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Mobile Applications

HisaPlay: Kenyan 'stock market game' teaches investing

The majority of people in East Africa – especially the youth – have little or no knowledge of the stock exchange. However, a large number of these individuals are very interested in investing and might readily adopt the stock market if they had the understanding.

HisaPlay aims to make this easier by providing information and experience via a no-risk, easily comprehensible app. You can now play a stock exchange game, immersing yourself into the intricacies, operations and challenges of the Nairobi Securities Exchange (NSE) without losing anything. 

“We are a Kenyan based startup tech company that aims to educate, equip and familiarise young people with practical the financial literacy skills required to trade on the Securities Exchange by using a mobile gaming application,” Jamlick Maina the HisaPlay CEO and founder explains. “Our target audience segment is 16-35 year-olds [who love] smart phones and are into social networks.”

“The HisaPlay app seeks to deepen the users’ understanding of how to invest,” says Maina. “The app is a virtual stock simulation game that mirrors the intense trading activities at the securities market. It runs on numerous android platforms and can be played either individually or as a group.”

The app beta version was officially released in December 2014. The improved and paid-for version was released in March 2015.

How did the idea come about?

Coming from an animation and computer science background, the founder was working with his brother as a multimedia developer in 2012 when they built a gaming app called “Tough Jungle”. This app won the best Kenyan app in the Safaricom AppStar Challenge and later the same year was awarded the best app in Africa in the Vodafone Challenge against many other contestants.

However, when the advice to invest the winnings (about $10,000) in the stock market was given, Maina was sceptical, as he did not have the slightest understanding of the NSE or stock markets. And was confused by the words used and the process in general.   

“After several tries and lots of advice I managed to invest,” he says. “[And] I realised every other person was going through the same predicament and thought there might be an easier way to go about it.”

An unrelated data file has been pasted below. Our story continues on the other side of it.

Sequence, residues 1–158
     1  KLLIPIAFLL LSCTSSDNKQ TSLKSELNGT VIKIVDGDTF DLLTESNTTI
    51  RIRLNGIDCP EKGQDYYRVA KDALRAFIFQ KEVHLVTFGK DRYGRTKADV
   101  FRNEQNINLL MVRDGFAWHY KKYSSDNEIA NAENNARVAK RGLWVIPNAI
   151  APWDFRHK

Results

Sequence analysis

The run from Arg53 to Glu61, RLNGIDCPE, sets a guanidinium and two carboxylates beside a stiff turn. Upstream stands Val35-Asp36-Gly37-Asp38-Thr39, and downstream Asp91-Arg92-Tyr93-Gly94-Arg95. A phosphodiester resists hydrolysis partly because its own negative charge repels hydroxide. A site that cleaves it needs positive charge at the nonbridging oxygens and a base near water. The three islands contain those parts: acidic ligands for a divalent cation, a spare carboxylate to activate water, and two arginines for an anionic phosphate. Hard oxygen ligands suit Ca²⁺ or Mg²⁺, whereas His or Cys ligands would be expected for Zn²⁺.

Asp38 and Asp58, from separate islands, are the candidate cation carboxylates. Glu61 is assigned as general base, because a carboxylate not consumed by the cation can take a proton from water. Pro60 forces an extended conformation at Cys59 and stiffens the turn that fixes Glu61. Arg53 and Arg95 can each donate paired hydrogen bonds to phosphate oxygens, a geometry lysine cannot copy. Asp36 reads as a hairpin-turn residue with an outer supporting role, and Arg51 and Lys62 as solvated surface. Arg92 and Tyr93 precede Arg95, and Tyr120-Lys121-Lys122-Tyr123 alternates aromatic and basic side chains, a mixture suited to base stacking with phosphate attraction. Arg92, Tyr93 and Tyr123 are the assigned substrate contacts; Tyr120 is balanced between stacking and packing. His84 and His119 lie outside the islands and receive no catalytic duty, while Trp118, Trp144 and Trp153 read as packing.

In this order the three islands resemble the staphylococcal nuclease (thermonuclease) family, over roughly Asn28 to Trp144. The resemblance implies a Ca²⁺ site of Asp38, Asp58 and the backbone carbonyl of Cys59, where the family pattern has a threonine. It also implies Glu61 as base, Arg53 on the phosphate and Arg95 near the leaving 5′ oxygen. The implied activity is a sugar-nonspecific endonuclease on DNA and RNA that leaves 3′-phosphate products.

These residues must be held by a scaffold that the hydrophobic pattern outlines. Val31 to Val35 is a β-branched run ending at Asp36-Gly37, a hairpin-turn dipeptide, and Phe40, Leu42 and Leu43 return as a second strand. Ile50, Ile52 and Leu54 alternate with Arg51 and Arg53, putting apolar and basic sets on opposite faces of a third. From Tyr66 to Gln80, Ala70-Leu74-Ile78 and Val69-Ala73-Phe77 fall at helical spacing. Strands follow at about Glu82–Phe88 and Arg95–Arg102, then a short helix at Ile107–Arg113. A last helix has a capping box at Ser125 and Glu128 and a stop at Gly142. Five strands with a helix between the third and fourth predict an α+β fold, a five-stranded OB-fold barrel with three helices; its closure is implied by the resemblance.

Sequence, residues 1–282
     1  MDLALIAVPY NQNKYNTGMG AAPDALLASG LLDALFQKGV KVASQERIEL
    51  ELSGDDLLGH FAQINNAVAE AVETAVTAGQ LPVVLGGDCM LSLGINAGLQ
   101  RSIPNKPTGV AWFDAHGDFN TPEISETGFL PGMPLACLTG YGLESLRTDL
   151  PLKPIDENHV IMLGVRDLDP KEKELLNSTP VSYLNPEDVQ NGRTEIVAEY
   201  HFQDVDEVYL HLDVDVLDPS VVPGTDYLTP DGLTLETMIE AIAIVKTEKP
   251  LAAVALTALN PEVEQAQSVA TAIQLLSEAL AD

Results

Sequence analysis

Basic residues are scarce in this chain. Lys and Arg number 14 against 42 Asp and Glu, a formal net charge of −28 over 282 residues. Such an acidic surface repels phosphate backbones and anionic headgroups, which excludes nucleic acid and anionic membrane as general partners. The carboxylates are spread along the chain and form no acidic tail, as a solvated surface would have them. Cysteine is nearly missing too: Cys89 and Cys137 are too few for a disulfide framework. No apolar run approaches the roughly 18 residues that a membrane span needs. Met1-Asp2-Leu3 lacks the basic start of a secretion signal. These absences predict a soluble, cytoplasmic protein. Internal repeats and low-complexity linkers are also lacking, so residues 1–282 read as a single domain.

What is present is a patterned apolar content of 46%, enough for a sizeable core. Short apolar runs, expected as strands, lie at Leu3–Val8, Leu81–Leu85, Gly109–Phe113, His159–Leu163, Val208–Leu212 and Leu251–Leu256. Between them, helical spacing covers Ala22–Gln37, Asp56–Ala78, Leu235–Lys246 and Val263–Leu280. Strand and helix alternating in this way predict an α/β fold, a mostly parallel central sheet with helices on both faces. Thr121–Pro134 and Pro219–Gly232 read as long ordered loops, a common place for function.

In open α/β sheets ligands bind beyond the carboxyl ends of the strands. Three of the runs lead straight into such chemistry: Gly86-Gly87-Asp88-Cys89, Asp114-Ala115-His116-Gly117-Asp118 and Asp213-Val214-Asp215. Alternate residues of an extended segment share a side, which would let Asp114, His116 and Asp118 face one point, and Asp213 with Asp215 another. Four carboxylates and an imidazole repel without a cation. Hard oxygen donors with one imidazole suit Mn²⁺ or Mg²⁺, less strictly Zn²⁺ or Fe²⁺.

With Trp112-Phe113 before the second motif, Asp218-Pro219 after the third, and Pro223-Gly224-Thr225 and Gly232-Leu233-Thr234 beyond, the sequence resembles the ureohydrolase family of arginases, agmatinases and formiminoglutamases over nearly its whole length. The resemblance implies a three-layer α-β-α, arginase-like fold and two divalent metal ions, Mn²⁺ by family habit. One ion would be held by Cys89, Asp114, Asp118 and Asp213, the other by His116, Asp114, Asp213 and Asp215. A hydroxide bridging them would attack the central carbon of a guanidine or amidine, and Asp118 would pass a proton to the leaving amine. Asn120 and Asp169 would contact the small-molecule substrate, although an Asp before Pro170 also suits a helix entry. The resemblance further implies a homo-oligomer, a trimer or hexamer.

HisaPlay is focused on the end user. “We are trying to eradicate poverty and give knowledge in fun easy way that is relatable,” he explains.

Deriving its name from “Hisa” Swahili for “Shares”, the app has been designed to simulate NSE in the most literal sense. “First our servers are able to feed live data to users with seamless support, we have over 100 tutorials and lessons that the user can access which are both text and voice responsive. Also we have daily stock lessons that are sent through push notifications,” the CEO tells us.

In addition to these, the app also allows the users to monitor changes in selected stocks and see the market trends. Through the use of social network engines, users are able to communicate and compete with each other or with selected users. The app can be downloaded from their website and is available on Google Play.

“We monitor user activities to show them how they have been performing thereby helping them learn whether their activities [investments] have been productive,” the founder informs. “[Because] we offer real live NSE data, the data keeps on changing and may pose some difficulties if the user stays offline; to counter this we keep the data packets to a bare minimum.”

How does it work?

With the concept of virtual cash and mobile money services, the app gives the users a chance to engage in a virtual NSE reality without any risks. All you need is to buy virtual cash using Safaricom’s Mpesa or airtime credit.

“The idea of virtual currency is to give the user the opportunity of putting himself as a competent trader with shares to buy. It allows the user to perceive how it would feel if he had let’s say Ksh 100,000 ($1,000) and a month to make some earning in the NSE. Would he be competent to make returns or make a loss? This pushes the user to learn and make logical decisions on which share would suit him best. Currently we charge a monthly subscription fee of $1 for Ksh 100,000 worth of virtual money. After the month we deduct the 100,000 and the remainder is pushed to the next month as profit [or loss].”

In addition to subscription fees, the app also gets revenue from in-app adverts and push notifications as well as partnership with stock brokers. In 2014, the founder won cash from Business Daily’s The Next Big Thing Competition and has contribution support from friends and family.

With 594 paying users’ subscription, Maina is confident that the startup is moving to the right direction and would really like to partner with corporate entities for CSR campaigns on financial and investor education to cast the net even wider.

HisaPlay is full of optimism. In addition to bringing on board other mobile service providers in Kenya, the startup is spreading its wings further afield; “Our short term goal is to change perception and build a society that takes investment opportunities seriously. In the long term we want to venture out in March 2016 to other East African countries such as Rwanda and Tanzania,” says Maina.

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Daniel Muraga

Daniel Muraga is an experienced online writer and communications professional based in Kenya.

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